in her BMW, we are slowly drawn in, then hooked. This is probably the best thing
that's been on telly all year, but such is the Nine network's high opinion of
its audience's capacity to discriminate, it has held this little gem for an
out of ratings silly season tryout. Program executives were no doubt bemused
by West Wing's lack of gardening and recipe segments but we, the audience, need
not be deterred. It's riveting, addictive stuff. In the closing minutes of tonight's
episode, the Pres must chose how to respond to an act of deadly terrorism. He
is determined to act: ``I'm going to blow them off the face of the Earth, with
the fury of God's own thunder,'' but we must wait until next week for the result
- the security of the planet just grist to our cliffhanger. How could you not
come back? The great joy of television is its capacity for accidental but inspired
Tuesdays (Channel 9, 10.30pm)
- Upcoming Episodes
- July 30, 02: The Documentary
- Previous Episodes
- July 23, 02: "Posse Comitatus"
- July 16, 02: "We Killed Yamamoto"
- July 9, 02: "The Black Vera Wang"
- June 4, 02: Enemies Foreign & Domestic
- May 28, 02: Stirred
- May 21, 02: The U.S. Poet Laureate
- May 14, 02: Dead Irish Writers
- May 7, 02: Hartsfields Landing
- Apr. 30, 02: Night Five
- Apr. 23, 02: The Two Bartlets
- Apr. 16, 02: 100,000 Airplanes
- Apr. 9, 02: H.Con 172
- JApr. 2, 02: Bartlet For America
- Mar. 26, 02: The Women of Qumar
- Mar. 19, 02: The Indians in the Lobby
- Mar. 12, 02: Gone Quiet
- Mar. 5, 02: War Crimes
- Feb. 26, 02: On the Day Before
- Feb. 19, 02: Ways and Means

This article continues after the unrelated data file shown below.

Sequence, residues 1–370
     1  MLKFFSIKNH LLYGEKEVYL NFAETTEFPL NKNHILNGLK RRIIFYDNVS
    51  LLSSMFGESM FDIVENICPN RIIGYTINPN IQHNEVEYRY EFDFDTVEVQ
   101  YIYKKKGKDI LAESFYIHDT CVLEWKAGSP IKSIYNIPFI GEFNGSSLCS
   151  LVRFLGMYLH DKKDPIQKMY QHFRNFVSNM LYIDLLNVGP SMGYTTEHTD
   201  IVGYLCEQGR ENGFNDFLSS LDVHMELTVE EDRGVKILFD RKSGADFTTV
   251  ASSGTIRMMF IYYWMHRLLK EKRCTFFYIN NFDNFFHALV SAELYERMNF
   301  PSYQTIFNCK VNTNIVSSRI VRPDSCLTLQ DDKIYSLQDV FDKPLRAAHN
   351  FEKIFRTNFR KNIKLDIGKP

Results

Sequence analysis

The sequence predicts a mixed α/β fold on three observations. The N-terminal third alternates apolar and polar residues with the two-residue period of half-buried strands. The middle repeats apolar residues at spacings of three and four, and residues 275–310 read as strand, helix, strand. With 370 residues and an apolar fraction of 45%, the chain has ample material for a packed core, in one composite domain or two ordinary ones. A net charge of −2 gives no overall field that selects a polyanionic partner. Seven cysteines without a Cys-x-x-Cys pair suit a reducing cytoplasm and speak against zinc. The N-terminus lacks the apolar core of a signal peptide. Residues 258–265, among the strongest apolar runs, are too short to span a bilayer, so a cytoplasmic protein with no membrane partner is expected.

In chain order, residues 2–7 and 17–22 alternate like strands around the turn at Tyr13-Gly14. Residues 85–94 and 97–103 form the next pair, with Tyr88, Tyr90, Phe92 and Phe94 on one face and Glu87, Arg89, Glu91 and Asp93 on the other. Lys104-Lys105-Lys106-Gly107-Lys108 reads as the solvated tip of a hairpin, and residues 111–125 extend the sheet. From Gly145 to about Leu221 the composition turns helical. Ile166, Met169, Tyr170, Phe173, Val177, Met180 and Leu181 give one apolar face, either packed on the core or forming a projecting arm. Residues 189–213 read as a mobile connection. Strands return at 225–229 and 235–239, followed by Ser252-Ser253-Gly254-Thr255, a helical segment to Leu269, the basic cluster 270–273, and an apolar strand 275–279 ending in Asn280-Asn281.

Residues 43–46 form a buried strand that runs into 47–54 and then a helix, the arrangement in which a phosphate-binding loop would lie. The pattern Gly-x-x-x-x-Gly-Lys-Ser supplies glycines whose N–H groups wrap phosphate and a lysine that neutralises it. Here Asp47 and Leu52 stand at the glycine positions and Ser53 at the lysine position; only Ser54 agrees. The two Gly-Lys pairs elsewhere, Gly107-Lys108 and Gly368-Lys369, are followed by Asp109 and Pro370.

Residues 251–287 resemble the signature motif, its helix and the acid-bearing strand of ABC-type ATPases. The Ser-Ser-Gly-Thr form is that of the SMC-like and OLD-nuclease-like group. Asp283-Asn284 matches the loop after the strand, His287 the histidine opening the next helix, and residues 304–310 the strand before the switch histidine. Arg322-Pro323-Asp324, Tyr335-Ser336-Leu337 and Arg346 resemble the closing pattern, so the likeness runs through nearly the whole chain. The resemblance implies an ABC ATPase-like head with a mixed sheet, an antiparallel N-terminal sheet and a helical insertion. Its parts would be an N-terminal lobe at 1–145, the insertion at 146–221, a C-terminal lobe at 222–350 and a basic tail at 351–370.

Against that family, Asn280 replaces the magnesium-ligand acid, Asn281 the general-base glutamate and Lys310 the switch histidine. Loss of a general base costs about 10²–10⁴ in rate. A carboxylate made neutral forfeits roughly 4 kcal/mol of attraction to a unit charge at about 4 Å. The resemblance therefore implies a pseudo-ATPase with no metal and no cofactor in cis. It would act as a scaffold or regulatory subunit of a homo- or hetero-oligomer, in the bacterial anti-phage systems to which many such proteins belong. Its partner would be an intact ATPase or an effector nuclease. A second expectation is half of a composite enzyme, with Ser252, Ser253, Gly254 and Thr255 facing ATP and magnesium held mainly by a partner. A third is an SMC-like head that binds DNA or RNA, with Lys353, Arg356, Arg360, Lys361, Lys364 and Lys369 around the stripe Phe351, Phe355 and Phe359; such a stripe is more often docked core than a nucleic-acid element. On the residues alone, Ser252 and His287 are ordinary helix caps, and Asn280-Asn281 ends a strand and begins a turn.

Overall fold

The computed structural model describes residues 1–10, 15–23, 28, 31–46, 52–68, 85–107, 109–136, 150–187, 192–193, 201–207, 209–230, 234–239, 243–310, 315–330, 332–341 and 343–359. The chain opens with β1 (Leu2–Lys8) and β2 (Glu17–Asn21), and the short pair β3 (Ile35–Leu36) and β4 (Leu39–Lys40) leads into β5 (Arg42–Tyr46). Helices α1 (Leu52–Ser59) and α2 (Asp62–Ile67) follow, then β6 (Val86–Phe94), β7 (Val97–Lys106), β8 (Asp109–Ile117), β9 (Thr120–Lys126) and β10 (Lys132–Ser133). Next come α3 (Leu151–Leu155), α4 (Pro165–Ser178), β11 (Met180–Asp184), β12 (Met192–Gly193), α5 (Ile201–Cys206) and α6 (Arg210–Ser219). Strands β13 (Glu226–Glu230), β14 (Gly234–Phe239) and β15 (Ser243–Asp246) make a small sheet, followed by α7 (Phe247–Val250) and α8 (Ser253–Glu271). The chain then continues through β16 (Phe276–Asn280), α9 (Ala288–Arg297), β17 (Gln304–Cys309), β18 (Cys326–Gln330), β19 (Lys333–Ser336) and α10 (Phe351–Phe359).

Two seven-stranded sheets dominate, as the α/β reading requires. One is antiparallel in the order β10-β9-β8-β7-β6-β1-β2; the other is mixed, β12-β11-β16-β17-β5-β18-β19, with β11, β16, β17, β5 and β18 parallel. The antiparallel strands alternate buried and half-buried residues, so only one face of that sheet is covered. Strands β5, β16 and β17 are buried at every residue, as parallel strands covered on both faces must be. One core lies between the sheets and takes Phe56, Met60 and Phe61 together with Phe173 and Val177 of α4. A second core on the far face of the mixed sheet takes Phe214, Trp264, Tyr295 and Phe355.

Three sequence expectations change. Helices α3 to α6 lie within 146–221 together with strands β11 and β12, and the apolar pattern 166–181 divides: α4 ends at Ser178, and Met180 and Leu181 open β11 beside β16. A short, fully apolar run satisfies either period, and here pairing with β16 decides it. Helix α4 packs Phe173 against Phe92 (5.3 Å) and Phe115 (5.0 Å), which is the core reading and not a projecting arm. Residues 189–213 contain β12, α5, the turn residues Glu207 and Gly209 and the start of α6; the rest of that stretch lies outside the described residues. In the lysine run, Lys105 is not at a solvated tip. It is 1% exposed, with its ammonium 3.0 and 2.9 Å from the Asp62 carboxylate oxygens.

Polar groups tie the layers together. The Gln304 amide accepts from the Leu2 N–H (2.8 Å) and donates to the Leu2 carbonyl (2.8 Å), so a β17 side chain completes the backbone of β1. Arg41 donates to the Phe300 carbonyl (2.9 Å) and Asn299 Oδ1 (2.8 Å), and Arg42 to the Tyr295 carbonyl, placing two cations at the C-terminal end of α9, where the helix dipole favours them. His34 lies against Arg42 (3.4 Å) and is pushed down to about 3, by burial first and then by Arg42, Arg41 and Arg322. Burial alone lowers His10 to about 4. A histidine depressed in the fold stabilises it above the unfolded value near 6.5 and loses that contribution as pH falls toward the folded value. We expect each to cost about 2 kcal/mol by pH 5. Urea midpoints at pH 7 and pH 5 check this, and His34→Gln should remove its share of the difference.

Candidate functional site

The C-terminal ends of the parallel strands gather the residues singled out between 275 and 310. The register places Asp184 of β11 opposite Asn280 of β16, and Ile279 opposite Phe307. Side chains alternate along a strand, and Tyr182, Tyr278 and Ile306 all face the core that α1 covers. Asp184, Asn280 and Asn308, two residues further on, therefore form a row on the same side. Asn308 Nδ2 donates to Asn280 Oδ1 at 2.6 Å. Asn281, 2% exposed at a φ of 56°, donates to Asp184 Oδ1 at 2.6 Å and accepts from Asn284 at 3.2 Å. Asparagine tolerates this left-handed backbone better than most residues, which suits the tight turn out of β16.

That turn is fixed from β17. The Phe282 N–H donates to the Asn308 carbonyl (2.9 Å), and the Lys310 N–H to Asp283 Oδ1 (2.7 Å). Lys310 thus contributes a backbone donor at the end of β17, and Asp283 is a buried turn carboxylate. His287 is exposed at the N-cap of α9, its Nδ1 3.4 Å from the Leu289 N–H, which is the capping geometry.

- Feb. 12, 02: Manchester II
- Feb. 5, 02: Manchester I
- Oct. 16, 01: Isaac & Ishmael
- Sept. 23, 01: Two Cathedrals
- Sept. 11, 01: 18th & Potomac
- Sept. 4, 01: The Fall's Gonna Kill You
- Aug. 28, 01: Bad Moon Rising
- Aug. 21, 01: 17 People
- Aug. 14, 01: The Stackhouse Filibuster
- Aug. 7, 01: Somebody's Going to Emergency, Somebody's Going to Jail
- July 31, 01: Ellie
- July 24, 01: The War At Home
- July 17, 01: Bartlet's Third State of the Union
- July 10, 01: The Drop In
- June 19, 01: The Leadership Breakfast
- June 12, 01: Noel
- June 5, 01: Galileo
- May 29, 01: Shibboleth
- May 15, 01: The Portland Trip
- May 8, 01: The Lame Duck Congress
- May 1, 01: And It's Surely to their Credit
- Apr. 24, 01: In this White House
- Apr. 17, 01: The Midterms
- Apr. 10, 01: In the Shadow of Two Gunmen II
- Apr. 3, 01: In the Shadow of Two Gunmen I
- Mar. 27, 01: What Kind of Day Has it Been
- Mar. 20, 01: Lies, Damn Lies & Statistics
- Mar. 20, 01: Mandatory Minimums
- Mar. 13, 01: Let Bartlet Be Bartlet
- Mar. 6, 01: Six Meetings Before Lunch
- Feb. 27, 01: White House Pro-Am
- Feb. 20, 01: 20 Hours in LA
- Feb. 13, 01: Celestial Navigation
- Feb. 13, 01: Take This Sabbath Day
- Feb. 6, 01: Take Out The Trash Day
- Jan. 30, 01: He Shall From Time To Time
- Jan. 16, 01: Lord John Marbury
- Jan. 2, 01: Lord John Marbury
- Dec. 26, 00: The Short List
- Dec. 19, 00: Enemies
- Dec. 19, 00: The State Dinner
- Dec. 12, 00: Mr Willis of Ohio
- Dec. 12, 00: Crackpots and these Women
- Dec. 5, 00: Five Votes Down
- Dec. 5, 00: A Proportional Response
- Nov. 28, 00: Post Hoc Ergo Propter Hoc
- Nov. 28, 00: pilot
See what the press
printed when some
of the above episodes
were broadcast in Australia.